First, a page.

I am back from my assignment for the Netherlands version of National Geographic Traveler.
I must admit, the climate in the Netherlands is much more conducive to clear thinking. From the moment we stepped onto the tarmac in Oman, it was about heat and humidity. Please note, I have become accustomed to stepping out of airplanes and being greeted with a different climate, but stepping out of the plane in Muscat was like walking in to a brick wall of fire and water. It was +45 and humid. To survive in the Capital, Omanis travel between air conditioned atmospheres as quickly as possible. When one taxi driver was asked what they did before air conditioning and he simply responded, ‘It was bad’.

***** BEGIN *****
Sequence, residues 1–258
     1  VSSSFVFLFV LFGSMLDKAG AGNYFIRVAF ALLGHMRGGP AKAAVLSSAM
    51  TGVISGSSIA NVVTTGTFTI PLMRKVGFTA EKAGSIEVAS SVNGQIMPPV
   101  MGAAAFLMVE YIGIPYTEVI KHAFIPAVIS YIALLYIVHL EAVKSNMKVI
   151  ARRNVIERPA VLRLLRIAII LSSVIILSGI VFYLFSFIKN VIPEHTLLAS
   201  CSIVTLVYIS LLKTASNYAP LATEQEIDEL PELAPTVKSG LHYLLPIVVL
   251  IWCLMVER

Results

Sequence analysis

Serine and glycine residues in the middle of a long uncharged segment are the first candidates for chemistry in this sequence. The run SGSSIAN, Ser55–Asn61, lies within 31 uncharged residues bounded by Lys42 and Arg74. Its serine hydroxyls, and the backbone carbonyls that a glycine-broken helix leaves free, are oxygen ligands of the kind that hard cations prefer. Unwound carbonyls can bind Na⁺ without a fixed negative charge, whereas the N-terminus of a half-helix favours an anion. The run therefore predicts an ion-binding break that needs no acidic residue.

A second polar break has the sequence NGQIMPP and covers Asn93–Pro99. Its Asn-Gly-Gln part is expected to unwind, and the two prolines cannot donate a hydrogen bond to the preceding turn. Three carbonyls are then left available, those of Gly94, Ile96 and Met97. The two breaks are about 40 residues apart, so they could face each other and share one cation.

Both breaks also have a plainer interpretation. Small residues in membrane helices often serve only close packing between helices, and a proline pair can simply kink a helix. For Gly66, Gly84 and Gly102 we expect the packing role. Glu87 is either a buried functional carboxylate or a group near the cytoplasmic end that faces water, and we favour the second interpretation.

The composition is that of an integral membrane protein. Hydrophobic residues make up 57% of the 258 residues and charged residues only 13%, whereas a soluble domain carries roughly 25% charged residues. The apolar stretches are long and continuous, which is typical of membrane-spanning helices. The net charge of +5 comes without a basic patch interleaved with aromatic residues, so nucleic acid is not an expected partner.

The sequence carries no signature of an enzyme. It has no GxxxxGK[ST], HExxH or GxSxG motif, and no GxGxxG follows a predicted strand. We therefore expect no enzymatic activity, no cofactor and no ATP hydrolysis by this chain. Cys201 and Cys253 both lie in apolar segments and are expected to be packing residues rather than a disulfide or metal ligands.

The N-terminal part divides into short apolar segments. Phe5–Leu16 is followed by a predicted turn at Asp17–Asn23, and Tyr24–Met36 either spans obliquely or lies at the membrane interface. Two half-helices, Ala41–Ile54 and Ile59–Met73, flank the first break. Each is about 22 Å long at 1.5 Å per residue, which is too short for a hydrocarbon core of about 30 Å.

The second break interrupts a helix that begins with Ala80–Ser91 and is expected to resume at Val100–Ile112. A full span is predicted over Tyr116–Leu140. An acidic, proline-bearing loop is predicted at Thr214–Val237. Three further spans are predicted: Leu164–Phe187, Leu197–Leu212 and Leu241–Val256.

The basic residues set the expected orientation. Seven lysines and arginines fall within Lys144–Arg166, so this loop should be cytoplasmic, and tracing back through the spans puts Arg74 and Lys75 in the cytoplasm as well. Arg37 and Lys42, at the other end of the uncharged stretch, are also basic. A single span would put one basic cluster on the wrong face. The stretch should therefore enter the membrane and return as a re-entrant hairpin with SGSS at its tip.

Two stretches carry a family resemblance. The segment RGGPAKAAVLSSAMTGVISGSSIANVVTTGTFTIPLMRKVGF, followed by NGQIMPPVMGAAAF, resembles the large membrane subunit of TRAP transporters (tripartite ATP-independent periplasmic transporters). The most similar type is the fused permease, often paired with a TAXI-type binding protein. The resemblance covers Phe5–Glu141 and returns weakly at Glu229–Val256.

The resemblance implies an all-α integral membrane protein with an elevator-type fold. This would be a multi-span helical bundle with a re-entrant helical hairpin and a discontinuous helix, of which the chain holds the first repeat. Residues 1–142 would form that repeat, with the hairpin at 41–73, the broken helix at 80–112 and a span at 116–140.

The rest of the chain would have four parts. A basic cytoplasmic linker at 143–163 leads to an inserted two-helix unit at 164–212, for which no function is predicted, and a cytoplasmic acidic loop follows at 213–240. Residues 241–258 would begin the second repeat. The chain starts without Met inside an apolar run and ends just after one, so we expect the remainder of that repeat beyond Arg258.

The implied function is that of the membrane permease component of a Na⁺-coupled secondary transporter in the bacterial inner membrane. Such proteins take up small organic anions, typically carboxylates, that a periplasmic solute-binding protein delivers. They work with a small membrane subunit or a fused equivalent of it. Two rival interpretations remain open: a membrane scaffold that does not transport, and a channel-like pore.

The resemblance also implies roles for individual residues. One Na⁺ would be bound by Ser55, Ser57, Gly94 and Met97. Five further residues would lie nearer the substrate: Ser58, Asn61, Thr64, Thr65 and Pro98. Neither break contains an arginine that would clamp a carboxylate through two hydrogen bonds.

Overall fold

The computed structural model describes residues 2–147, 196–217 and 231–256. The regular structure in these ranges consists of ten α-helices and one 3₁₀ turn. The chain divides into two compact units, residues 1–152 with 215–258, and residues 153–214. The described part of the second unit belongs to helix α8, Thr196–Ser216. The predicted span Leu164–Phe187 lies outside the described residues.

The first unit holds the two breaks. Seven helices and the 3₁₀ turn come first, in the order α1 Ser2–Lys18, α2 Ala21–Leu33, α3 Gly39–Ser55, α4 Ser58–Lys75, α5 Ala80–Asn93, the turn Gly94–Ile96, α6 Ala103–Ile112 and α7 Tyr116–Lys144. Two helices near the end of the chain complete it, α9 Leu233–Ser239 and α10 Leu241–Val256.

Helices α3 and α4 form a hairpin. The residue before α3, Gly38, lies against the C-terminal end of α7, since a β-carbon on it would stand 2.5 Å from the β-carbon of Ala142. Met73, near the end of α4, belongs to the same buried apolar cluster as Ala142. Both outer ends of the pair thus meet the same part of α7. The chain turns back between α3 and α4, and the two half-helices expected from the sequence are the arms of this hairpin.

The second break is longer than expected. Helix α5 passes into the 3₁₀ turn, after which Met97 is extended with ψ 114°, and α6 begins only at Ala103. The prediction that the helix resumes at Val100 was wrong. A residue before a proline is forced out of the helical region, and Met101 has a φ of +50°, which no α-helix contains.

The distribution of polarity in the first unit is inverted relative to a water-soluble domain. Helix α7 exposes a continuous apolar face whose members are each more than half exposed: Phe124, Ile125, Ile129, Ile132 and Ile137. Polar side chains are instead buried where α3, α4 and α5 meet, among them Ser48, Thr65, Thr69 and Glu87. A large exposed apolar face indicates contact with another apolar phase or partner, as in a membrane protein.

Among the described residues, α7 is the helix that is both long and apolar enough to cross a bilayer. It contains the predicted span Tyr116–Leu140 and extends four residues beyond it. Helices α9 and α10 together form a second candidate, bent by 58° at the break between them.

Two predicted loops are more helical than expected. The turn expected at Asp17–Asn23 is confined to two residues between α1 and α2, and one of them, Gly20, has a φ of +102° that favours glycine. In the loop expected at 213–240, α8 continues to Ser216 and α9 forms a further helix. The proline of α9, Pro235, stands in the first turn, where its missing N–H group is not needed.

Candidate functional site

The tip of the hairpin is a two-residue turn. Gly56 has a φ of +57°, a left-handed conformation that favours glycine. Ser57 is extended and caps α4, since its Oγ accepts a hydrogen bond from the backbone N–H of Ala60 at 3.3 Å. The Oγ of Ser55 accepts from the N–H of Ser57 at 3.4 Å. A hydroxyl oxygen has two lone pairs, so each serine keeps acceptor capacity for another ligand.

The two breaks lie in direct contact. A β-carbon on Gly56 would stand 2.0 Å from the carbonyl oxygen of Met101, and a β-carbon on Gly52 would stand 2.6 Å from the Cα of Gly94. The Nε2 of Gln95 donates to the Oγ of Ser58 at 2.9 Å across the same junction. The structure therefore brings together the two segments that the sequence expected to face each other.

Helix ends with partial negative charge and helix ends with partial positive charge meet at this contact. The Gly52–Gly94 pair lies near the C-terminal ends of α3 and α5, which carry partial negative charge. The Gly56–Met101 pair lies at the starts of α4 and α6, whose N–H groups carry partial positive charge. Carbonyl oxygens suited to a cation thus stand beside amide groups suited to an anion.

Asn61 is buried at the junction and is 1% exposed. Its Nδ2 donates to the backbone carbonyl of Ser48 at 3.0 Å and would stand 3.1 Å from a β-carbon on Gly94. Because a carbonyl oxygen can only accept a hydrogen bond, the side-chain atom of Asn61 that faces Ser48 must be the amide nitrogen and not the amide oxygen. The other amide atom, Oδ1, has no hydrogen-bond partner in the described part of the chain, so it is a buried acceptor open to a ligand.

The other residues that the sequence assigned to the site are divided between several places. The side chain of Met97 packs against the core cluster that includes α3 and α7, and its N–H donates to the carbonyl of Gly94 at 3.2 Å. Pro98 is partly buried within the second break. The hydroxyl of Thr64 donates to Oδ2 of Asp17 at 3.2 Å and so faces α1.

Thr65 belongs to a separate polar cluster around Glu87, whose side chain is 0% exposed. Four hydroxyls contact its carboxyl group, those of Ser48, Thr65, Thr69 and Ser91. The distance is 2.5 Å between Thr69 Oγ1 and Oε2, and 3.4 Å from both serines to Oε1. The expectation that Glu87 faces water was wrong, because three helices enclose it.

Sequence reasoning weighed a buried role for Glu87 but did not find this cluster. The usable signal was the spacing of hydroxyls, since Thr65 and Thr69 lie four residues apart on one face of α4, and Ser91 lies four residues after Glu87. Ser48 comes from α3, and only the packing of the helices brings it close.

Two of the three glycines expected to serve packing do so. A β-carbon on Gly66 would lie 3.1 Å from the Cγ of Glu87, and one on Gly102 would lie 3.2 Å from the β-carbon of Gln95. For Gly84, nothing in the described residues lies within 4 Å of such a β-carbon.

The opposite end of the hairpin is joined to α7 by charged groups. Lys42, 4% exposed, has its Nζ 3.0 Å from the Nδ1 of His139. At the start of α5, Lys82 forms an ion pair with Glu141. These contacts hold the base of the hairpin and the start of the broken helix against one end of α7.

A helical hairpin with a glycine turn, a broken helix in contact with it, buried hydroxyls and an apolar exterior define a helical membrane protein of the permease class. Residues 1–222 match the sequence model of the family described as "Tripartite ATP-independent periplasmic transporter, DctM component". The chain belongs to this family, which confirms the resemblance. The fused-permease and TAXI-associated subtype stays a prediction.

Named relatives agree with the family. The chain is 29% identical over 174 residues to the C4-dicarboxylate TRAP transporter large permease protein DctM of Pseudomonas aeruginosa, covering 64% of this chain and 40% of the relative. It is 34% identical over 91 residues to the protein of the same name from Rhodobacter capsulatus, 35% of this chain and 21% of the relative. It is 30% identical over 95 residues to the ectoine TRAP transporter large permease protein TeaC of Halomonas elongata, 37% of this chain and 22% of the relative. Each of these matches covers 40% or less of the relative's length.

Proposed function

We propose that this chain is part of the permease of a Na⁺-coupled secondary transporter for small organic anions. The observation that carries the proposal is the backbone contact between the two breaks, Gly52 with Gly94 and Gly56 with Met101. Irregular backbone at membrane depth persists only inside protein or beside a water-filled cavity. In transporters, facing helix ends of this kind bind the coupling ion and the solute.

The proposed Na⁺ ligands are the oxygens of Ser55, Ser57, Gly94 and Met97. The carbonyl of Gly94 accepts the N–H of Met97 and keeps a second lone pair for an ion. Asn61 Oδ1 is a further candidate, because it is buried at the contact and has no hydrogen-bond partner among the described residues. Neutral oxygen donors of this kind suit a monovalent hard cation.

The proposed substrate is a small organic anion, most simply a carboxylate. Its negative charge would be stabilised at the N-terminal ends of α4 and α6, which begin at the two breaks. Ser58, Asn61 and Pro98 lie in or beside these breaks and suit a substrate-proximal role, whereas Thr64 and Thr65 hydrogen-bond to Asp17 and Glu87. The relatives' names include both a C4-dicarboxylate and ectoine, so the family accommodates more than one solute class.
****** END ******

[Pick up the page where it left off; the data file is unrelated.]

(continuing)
The interesting thing about Oman was the layer of modern paint applied over a multi-thousand year history. It has been modernized in 30 years and once you break through that layer of paint, it shows. However, I think that I will let Thijs Joosten, the writer and editor of NG Traveler tell us more when his article is published.
On another note, I have never been to such a harsh climate for photography gear. Even the Arctic was nicer. Oman has some serious heat and some serious humidity. Stepping outside during the day with your cameras, is like stepping into a swimming pool atmosphere, the lenses fog right up. And Oman has sand so fine a simple gust of wind blows it everywhere.
A tip for future travelers, don’t wear ‘flip flops’ in the desert, the sand that gets kicked up when you ‘flop’ is at a perfect angle to cover your camera on your shoulder.
I drove from Muscat to Salalah and my vehicle's windscreen is now pitted – the result of flying sand; a real test for anything